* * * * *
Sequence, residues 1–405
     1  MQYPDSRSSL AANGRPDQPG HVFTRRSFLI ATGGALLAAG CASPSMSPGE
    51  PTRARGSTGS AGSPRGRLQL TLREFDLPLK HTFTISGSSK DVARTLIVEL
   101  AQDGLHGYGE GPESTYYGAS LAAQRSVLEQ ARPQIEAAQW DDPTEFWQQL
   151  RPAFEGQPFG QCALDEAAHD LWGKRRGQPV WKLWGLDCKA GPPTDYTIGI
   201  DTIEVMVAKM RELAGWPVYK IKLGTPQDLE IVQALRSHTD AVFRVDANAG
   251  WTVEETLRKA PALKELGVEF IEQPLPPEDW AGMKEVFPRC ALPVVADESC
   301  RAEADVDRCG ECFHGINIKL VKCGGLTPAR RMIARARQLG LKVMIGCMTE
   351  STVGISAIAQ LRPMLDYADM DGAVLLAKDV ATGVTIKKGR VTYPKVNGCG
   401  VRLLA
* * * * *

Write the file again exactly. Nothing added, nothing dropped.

Sequence, residues 1–405
     1  MQYPDSRSSL AANGRPDQPG HVFTRRSFLI ATGGALLAAG CASPSMSPGE
    51  PTRARGSTGS AGSPRGRLQL TLREFDLPLK HTFTISGSSK DVARTLIVEL
   101  AQDGLHGYGE GPESTYYGAS LAAQRSVLEQ ARPQIEAAQW DDPTEFWQQL
   151  RPAFEGQPFG QCALDEAAHD LWGKRRGQPV WKLWGLDCKA GPPTDYTIGI
   201  DTIEVMVAKM RELAGWPVYK IKLGTPQDLE IVQALRSHTD AVFRVDANAG
   251  WTVEETLRKA PALKELGVEF IEQPLPPEDW AGMKEVFPRC ALPVVADESC
   301  RAEADVDRCG ECFHGINIKL VKCGGLTPAR RMIARARQLG LKVMIGCMTE
   351  STVGISAIAQ LRPMLDYADM DGAVLLAKDV ATGVTIKKGR VTYPKVNGCG
   401  VRLLA